I agree with what has just been said by the noble Marquess speaking on behalf of the Government, that the British Government are right to say that this cannot continue as it is indefinitely. It is a delusion to think that all that is necessary is to remove the Mufti, and that then all will be well. We used to hear that kind of thing in the old days with regard to Ireland. It was said: "Only let the priests and the land agitators be quiet and the Irish people will be entirely contented." We used to hear it with regard to trade disputes and strikes—"Only let the paid agitators be still and the working people will give no trouble." We heard it in regard to India—"Arrest Gandhi"; and with regard to Egypt—"Deport Zaghlul." But movements of this kind cannot be dealt with in that way. As the Commission rightly point out, the Arab national movement is the same in Palestine as it is in Syria, as it is in Egypt, and as it is in Iraq. It is analogous to the movement of Indian nationalism and similar movements in other countries in the world, and it is not to be disposed of easily and lightly simply by using the strong hand and applying methods of coercion.

So far I agree. When we come to the proposal for partition then I part company. It appears to me a bad proposal and I shall give reasons for my various criticisms. I know that all the time that I am making these criticisms there will be in the minds of noble Lords the thought: "What is the good of criticising this scheme; is there any alternative?" Therefore, beforehand, I will give the assurance to noble Lords that before I sit down, if they will bear with me so long, I will give what appears to me to be the practicable alternative. Meanwhile let us examine this proposal for partition. We are told that we are now to make a clean cut, or as clean a cut as may be, that the Jews are to be on one side and the Arabs on the other, and that if they cannot agree when together they may be able to agree when separated.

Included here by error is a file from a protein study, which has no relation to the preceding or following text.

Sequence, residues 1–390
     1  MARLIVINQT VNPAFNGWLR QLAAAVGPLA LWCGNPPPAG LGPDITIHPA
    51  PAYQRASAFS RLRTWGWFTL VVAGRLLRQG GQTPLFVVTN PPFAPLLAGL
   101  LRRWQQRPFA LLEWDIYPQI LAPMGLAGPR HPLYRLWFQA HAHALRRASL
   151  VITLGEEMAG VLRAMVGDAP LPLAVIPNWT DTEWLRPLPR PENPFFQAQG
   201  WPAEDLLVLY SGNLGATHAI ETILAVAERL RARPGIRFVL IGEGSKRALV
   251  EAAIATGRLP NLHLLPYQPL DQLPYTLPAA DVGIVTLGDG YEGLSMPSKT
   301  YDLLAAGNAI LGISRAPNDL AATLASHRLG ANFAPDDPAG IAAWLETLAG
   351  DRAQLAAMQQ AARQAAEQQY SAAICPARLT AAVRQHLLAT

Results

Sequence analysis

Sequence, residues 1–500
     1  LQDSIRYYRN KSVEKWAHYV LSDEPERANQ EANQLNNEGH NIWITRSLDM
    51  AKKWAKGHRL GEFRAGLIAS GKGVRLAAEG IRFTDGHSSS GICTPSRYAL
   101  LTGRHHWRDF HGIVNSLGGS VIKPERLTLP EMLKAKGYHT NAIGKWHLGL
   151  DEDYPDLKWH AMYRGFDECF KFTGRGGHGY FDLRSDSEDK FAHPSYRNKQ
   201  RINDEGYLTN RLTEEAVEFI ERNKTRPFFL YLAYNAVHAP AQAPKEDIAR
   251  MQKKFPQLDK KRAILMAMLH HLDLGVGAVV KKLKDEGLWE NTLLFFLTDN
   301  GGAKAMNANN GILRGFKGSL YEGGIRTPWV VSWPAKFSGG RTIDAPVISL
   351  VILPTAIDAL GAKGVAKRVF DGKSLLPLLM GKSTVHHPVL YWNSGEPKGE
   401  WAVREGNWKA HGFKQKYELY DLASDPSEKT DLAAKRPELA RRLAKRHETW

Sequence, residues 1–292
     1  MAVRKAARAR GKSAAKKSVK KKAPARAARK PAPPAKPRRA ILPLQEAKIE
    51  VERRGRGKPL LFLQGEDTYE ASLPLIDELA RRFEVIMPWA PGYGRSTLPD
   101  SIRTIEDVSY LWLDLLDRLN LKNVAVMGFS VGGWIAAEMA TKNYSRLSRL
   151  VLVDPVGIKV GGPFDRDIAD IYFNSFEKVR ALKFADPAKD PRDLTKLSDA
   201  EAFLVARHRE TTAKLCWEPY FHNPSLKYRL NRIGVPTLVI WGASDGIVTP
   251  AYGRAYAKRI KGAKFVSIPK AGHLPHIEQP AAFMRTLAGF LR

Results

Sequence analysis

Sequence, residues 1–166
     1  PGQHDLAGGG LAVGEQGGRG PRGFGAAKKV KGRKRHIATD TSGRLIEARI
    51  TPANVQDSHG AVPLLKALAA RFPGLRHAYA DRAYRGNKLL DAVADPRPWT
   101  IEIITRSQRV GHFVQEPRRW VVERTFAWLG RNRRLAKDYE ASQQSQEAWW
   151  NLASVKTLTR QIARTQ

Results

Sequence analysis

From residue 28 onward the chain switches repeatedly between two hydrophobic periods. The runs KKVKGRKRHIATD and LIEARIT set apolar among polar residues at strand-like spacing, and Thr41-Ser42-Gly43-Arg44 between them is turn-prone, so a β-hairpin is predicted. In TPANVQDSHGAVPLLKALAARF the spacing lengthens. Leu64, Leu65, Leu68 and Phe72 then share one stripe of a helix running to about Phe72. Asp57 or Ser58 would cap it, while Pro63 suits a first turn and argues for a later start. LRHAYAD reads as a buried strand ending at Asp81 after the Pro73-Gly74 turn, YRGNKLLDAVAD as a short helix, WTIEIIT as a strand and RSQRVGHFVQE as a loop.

What is this Jewish State to consist of? The number of Jews in Palestine, the Commission say, is 400,000. But these are not all the Jews. The Jews of Jerusalem are to be excluded, and they number 76,000. But also for a period of years the towns of Haifa, Acre, Safad and Tiberias are to be kept under the Mandatory Power. They contain 58,00o Jews. In addition, Jaffa, is to be in the Arab State. There is no figure given by the Commission of the Jewish population of Jaffa, but Jewish sources state that it is 8,000. In any case the precise figure matters little. That means that out of 400,000 Jews one-third or 142,000 will not be in the Jewish State at all. The number that is left is 258,000. Two hundred and fifty-eight thousand Jews in the Jewish State, and in the same territory, the Commission tell us, there will be 225,000 Arabs. And that is to be an independent Jewish State, which is to have a seat in the League of Nations, which is to fulfil the aspirations of the Jews. Two hundred and fifty-eight thousand Jews and 225,000 Arabs! But it may be said these four towns of Haifa, Acre, Safad and Tiberias are only temporarily to be removed and will be brought in before long; but when they are brought in it will make the position worse from this point of view, for there are 10,000 more Arabs than Jews in those four towns. There would thus be this position, that the majority of Jews over Arabs would be reduced by 10,000.